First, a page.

Vin Scully told some amazing Tigers tales


Vin Scully is a national treasure, and after the 2016 season, we're going to have to find a way to enjoy baseball without him. He's been the voice of the Dodgers for nearly seven decades, he's been inducted into every hall of fame known to man (as well as a few that have yet to be invented), and he's won more awards than would probably fit in your house. While I was typing that sentence, he won eight more awards. He's that good.

For baseball fans in my generation, Vin Scully was also the voice of nationally-broadcast baseball, handling NBC's "Game of the Week" duties as well as postseason responsibilities. He called the World Series in 1984 when the Tigers won it all, so look upon me and be "totes jelly" you youngsters. Not only did I see the Tigers win a world championship, the whole thing was set to the magical soundtrack of Vin Scully's voice. (He also called the "Game of the Week" in early April of that season when Jack Morris threw a no-hitter, and yes, he openly talked about the no-hitter in progress.)

Certain phrases will always be married to Vin's voice. 

"In a year that has been so improbable, the impossible has happened!" 

"Behind the bag! It gets through Buckner!" (Sorry, Red Sox fans.)

"And there it goes!" 

That last one was Kirk Gibson's dagger home run in game five of the 1984 World Series. That's all Vin said, and then he didn't say another word for a full 96 seconds. For over a minute-and-a-half, he just let the frenzied roar of the crowd tell the story. A modern announcer would have been rambling non-stop, trying to find the words to cram extra weight and meaning into the moment. (Looking at you, Joe Buck.)

Anyway, Vin is retiring after this season, so the Internet has finally started to pay some attention to one of the best parts of a Vin Scully broadcast: the stories he tells about the players. It's a sight to behold. I'm convinced that Vin was actually granted omniscience by the baseball gods many decades ago, because there's just no other way he could know some of the things he knows.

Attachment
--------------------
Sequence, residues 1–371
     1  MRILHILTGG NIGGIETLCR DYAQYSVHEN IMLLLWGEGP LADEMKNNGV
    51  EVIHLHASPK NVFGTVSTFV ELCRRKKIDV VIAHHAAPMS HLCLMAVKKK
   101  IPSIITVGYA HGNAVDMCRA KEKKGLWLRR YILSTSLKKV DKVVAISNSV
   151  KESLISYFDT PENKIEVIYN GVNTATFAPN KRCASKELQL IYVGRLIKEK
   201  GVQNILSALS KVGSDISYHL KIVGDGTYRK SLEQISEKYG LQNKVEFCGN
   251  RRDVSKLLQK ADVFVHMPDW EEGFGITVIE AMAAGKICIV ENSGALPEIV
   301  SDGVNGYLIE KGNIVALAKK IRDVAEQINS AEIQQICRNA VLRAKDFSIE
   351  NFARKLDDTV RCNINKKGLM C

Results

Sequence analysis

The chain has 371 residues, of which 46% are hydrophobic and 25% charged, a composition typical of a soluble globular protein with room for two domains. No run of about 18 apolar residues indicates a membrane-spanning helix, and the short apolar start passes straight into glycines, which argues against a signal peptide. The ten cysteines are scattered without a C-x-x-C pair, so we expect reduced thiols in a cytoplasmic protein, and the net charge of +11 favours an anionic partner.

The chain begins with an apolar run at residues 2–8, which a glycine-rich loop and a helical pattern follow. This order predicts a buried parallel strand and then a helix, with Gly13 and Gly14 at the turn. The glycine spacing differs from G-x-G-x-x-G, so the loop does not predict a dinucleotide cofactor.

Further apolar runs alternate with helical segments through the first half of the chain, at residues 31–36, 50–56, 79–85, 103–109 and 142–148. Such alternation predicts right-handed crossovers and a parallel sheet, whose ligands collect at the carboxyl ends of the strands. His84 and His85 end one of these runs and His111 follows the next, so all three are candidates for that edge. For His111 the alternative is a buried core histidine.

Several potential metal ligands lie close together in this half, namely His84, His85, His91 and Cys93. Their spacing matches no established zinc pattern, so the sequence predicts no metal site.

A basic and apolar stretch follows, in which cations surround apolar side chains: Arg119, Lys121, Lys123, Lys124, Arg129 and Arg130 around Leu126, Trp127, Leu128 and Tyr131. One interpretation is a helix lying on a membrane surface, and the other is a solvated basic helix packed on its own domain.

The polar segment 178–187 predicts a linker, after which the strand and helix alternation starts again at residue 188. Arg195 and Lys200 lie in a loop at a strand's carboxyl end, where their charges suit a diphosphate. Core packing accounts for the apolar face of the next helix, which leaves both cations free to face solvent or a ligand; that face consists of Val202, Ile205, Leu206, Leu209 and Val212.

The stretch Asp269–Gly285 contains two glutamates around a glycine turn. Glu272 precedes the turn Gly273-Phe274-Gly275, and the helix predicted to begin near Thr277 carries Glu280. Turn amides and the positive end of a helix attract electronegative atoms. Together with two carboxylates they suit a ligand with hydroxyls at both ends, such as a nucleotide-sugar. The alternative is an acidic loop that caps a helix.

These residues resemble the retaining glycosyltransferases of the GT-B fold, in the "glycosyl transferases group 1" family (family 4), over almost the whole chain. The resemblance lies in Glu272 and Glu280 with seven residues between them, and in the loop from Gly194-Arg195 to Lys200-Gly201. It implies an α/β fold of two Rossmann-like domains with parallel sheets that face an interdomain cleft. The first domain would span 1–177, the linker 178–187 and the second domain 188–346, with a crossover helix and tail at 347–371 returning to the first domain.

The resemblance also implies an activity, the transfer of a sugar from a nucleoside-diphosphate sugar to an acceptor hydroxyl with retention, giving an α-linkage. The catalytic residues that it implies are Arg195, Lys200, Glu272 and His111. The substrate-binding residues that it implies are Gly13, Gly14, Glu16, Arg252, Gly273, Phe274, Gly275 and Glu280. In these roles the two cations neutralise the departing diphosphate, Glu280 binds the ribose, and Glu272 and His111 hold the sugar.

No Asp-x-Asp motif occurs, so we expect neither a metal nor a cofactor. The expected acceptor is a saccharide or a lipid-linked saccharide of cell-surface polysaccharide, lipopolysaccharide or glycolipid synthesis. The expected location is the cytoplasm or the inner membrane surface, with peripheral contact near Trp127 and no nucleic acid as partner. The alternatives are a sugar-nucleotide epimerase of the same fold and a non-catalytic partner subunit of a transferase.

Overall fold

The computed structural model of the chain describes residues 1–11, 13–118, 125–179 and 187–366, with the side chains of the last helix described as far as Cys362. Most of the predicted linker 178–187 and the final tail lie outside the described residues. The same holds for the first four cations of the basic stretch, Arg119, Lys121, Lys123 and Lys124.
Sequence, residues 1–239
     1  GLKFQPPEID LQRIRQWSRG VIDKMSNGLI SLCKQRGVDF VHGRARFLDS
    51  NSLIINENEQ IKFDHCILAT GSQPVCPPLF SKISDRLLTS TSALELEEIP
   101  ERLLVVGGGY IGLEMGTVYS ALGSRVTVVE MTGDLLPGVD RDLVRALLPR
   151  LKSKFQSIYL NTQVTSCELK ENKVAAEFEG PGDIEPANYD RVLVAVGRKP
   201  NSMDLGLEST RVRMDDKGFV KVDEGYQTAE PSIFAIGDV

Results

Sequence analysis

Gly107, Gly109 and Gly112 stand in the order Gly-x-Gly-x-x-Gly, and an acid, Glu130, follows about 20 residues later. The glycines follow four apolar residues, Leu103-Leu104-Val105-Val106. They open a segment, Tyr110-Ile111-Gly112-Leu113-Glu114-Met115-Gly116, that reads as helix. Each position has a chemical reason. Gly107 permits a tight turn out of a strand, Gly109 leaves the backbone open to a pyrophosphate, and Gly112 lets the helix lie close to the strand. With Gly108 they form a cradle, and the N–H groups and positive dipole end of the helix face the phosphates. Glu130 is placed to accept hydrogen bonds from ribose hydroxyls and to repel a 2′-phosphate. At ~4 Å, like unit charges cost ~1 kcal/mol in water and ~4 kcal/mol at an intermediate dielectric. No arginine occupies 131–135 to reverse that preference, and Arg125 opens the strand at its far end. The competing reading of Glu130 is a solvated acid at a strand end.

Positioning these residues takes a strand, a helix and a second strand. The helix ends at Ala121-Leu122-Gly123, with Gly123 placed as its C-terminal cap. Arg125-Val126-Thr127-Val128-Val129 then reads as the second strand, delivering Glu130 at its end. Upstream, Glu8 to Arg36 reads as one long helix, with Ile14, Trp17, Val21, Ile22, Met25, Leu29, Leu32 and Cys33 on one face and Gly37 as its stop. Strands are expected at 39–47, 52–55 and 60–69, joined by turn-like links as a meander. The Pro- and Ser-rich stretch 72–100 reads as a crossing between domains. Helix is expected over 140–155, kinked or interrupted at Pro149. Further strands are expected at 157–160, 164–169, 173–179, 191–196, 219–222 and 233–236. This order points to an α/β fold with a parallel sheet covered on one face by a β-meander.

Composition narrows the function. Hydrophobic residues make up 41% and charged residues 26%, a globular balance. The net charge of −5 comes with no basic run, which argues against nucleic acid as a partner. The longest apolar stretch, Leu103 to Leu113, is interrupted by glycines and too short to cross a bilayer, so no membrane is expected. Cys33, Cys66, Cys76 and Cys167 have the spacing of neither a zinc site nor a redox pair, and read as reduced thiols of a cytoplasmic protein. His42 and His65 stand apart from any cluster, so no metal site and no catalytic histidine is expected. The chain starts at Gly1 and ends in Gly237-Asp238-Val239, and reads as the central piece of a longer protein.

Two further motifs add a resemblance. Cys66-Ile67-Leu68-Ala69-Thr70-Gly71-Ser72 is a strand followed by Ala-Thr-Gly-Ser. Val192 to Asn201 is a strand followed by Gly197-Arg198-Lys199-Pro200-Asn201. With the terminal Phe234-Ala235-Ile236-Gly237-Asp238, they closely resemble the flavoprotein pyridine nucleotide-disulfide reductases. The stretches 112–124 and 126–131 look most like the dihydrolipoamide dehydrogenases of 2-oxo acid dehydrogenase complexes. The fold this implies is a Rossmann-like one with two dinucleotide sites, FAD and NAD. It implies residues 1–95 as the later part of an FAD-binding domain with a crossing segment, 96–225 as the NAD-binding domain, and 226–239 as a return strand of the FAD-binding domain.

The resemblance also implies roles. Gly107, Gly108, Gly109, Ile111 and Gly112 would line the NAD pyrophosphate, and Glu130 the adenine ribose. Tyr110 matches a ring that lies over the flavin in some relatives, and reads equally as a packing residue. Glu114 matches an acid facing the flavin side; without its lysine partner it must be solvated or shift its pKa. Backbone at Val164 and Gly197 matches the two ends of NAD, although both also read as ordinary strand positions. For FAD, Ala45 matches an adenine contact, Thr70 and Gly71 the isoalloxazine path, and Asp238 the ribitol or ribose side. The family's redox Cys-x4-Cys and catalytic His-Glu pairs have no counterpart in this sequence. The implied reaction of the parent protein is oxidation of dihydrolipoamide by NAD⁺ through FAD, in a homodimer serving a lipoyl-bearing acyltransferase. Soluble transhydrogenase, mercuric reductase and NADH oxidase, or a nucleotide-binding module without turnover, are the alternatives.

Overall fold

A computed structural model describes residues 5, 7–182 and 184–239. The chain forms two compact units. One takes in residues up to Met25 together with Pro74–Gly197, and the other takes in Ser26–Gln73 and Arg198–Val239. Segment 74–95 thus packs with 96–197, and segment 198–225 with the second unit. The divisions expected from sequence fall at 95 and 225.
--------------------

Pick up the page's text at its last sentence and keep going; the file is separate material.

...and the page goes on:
Here's the one that's currently going viral, a story about Giants ace Madison Bumgarner slaying a snake with an axe and saving a baby rabbit in the process:


This led humorist John Moe to whip up a fake Vin Scully moment, which was made all the funnier by the fact that some people fell for it.


Back in 2014, the Tigers played the Dodgers in a two-game series in early April. That meant that Vin Scully got to turn his all-seeing eye towards the individual Tigers in the lineup, and the rest of us got to sit back and listen to stories we'd never heard before. (Look, I love the TV and radio broadcast teams we have in Detroit, but none of those guys ever unearthed gems like these.)

Unfortunately, the Tigers don't play the Dodgers in 2016, so these are the last of the Tigers-related Vin Scully stories. They're pretty amazing.

Miguel Cabrera

There's a connection with Miguel Cabrera and Adrian Gonzalez. Adrian Gonzalez, who was a Marlins farm hand, he was in Cabrera's wedding. He served as the couples' marriage sponsor in the Catholic Church.

Ian Kinsler

His mom's a Medicaid case manager for the state of Arizona. His father had the nickname, certainly in the family, of "the prison warden" -- which he actually was -- he had the job for the department of corrections in Tuscon State Prison. And any time Kinsler would get in trouble, and he would get in a lot of trouble as a little kid, and the thing that really ticked his dad off, his father would tell him to do something and he would roll his eyes -- there goes [Rajai] Davis, not even a chance to throw him out.